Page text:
PRESIDENT Ferdinand Marcos Jr. returns from his trip to the United States an energetic man who has just pulled off not only a diplomatic coup but a press coup on a global scale. During the election campaign and even when he was already president, according to a January 10, 2022 statement by veteran journalist Marites Vitug and published by Rappler, critics have been holding banners declaring that he cannot go to the United States. Their argument was that with a standing warrant out for his arrest, he would be arrested the moment he set foot on US soil.
That’s the problem with people who constantly see the world through their partisan glasses. They are clouded by their prejudices for failing to take into account that President Marcos, as head of state, would be immune from arrest. And at the very least, and even if such immunity didn’t even exist, they didn’t take into account that the US government would not be reckless and foolish in fomenting a political war with a sovereign country, let alone one they consider as their ally Considered and friend, at a time when the US needs us on their side as they face the Chinese threat this side of the Pacific.
In our discipline we call it political reality or realpolitik.
So there was our President, standing tall on the United Nations podium and being swarmed by a flattering Filipino crowd in New Jersey, effectively negating those who wished he would not and could not travel to the United States, and those who who are petty about the sparse audience he got at the UN as if it were different than what some other leaders like Emmanuel Macron got in France.
This, to the chagrin of some foreign observers and their like-minded peers here at home. They cannot reconcile the warmth shown by Filipinos in the US with their belief that Marcos won the election solely due to disinformation and falsification by trolls who fabricated his image. That’s what they get when they view Filipino politics from the comfort of their armchairs, newsrooms and academic monasteries, all fed only by the flow of one-sided views from their usual and comfortable sources, without the dark side of the beast called them, entirely to understand Filipino voters.
If there is one event that can truly represent the far-reaching reach of the President’s legitimacy, it would be the show of power seen through the presence of almost every significant figure in Filipino business, including the country’s wealthiest and those who lead our largest Corporate Conglomerates, during his speech at the New York Economic Forum, held at the New York Stock Exchange. This is a rare achievement, to say the least. His meeting with US President Joe Biden was just the icing on the cake.
To say that the President’s trip to the United States was a symbolic success would be an understatement. He would need that wind under his wings to address some serious issues he was facing at home.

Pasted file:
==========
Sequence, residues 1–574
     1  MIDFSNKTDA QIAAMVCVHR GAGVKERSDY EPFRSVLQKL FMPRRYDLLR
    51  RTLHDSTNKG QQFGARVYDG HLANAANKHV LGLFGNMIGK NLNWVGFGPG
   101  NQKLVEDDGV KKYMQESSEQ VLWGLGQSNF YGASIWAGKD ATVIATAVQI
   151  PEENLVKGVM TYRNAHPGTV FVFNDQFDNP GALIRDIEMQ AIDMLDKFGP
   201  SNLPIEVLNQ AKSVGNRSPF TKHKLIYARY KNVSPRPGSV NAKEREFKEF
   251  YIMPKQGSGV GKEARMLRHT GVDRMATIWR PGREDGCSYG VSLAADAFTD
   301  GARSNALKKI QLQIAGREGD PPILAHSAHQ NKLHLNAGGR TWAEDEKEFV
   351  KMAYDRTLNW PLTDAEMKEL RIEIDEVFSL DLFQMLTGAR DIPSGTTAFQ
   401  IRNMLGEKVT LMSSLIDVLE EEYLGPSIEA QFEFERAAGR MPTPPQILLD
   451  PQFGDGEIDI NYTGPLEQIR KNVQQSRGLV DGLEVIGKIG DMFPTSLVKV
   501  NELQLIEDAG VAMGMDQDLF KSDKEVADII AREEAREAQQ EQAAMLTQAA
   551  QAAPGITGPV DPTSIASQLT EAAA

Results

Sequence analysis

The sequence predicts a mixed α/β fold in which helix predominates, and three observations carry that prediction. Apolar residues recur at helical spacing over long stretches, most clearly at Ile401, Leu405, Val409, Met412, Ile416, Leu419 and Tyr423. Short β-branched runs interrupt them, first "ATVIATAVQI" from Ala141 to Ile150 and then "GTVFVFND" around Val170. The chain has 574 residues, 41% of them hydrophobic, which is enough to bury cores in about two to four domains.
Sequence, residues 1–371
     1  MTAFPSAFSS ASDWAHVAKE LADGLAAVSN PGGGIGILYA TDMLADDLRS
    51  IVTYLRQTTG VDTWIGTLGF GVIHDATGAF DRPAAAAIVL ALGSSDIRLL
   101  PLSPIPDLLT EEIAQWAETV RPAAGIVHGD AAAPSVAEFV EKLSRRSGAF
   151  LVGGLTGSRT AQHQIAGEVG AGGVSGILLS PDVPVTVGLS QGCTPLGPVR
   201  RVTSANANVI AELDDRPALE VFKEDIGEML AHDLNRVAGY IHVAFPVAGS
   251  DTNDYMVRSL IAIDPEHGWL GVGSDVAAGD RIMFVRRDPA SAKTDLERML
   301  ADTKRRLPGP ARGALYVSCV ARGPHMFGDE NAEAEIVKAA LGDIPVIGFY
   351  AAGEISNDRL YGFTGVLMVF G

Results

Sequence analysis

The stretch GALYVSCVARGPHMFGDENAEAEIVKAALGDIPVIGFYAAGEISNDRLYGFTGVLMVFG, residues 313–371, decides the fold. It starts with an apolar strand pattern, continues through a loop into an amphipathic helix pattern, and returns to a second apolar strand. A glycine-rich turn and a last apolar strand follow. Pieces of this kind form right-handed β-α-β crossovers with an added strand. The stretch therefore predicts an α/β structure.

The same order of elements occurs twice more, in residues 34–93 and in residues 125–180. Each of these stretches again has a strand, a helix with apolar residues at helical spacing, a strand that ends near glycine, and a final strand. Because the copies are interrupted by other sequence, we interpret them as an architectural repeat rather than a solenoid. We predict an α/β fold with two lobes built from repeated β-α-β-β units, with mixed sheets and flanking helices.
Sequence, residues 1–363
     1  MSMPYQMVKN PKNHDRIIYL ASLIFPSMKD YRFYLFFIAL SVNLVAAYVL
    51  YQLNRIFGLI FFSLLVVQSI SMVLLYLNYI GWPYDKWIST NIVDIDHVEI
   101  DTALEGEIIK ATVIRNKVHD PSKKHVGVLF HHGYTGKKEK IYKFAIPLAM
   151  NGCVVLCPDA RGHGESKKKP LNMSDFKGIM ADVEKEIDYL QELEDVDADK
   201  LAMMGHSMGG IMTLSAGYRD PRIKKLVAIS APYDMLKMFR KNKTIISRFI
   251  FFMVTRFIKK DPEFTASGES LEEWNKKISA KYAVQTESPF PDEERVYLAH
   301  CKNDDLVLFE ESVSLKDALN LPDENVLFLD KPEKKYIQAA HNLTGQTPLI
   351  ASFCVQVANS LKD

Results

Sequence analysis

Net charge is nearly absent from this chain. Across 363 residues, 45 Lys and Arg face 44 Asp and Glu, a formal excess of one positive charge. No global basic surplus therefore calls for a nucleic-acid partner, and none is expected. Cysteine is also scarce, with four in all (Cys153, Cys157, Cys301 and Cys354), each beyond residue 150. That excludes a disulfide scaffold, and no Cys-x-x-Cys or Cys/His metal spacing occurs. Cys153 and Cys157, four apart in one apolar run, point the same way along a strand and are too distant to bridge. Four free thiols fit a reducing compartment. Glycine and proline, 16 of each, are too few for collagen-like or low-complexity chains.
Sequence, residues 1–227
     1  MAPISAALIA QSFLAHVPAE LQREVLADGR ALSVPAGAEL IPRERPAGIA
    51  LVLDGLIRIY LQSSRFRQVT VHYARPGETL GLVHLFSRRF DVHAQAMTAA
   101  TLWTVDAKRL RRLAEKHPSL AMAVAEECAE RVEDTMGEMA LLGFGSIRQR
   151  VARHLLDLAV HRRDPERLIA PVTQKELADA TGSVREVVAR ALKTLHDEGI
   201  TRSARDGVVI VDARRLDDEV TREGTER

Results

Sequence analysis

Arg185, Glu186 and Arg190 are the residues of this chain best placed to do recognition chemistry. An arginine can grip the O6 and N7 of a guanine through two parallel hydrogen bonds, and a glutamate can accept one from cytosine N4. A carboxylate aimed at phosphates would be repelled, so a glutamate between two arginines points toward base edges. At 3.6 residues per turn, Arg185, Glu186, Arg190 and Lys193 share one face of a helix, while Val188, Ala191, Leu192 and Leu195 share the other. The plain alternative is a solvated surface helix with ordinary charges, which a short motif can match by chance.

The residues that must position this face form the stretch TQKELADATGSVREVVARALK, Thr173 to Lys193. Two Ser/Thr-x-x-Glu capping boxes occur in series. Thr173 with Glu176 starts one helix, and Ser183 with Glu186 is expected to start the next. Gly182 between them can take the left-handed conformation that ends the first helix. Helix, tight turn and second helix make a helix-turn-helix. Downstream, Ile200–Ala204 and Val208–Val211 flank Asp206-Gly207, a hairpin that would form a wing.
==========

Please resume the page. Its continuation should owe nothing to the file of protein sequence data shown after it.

First up is the controversy surrounding the resignation of his executive secretary, Victor Rodriguez, which is not necessarily a major disruption to his political framework for government, but could prove damaging in terms of its impact on his style of government or the way he operates his ship in Malacañang .
It’s a common perception that backs are being flexed to make room for Rodriguez. In fact, many wonder why he couldn’t just resign irrevocably to spare the president another headache. This is because people are seeing that his departure from the office of executive secretary and filling a yet-to-be-created office of chief of staff was not as graceful or as uneventful as it should have been.
Aside from that, he was accompanied by an unprecedented leak of confidential information from the palace, including the orders drafted by Rodriguez himself, which would originally have given him sweeping powers even in his new post, and the confidential memorandum that the president’s legal adviser, Juan Ponce Enrile, having broadcast against this one move, there were also policy-related issues that sunk deep into the President’s consequence. For one, while the President issued a directive to downsize the government by shedding its excess fat and eliminating redundant jobs, here we are witnessing the spectacle of an old office that was previously abolished and is now being revived.
Even Enrile foresaw the problem of having at least three offices that might have similar or overlapping functions. We now have Rodriguez as chief of staff with Anton as special assistant and whoever is appointed as executive secretary to replace Rodriguez. There is also the Administrative Staff of the President of Zenaida Angping, although her office is known for conducting technical reviews of policies and programs and may therefore have a clearer boundary of jurisdiction.
Considering that anything that comes out of the arrangements would inevitably carry the impression of presidential imprimatur, it is foolish to even suggest that Rodriguez is going about his merry way without the president’s approval. And here the president finds himself in a difficult position as there is now a perception that he is not ready to let go of Rodriguez, even if it means putting him against a wall that could damage his image as a leader.
To be fair to the President, he is known for a leadership style that avoids direct controversy, preferring to let the dynamics of politics take their natural course. He did so during the election campaign, surviving even the most destructive criticism. He’s the kind of manager who digs through and even treats everything as a policy or decision-making experiment, encouraged by the fact that what wouldn’t bring him down only makes him stronger. My guess is that he’s probably testing the limits of tolerance for Rodriguez not just from his own team but from the wider public.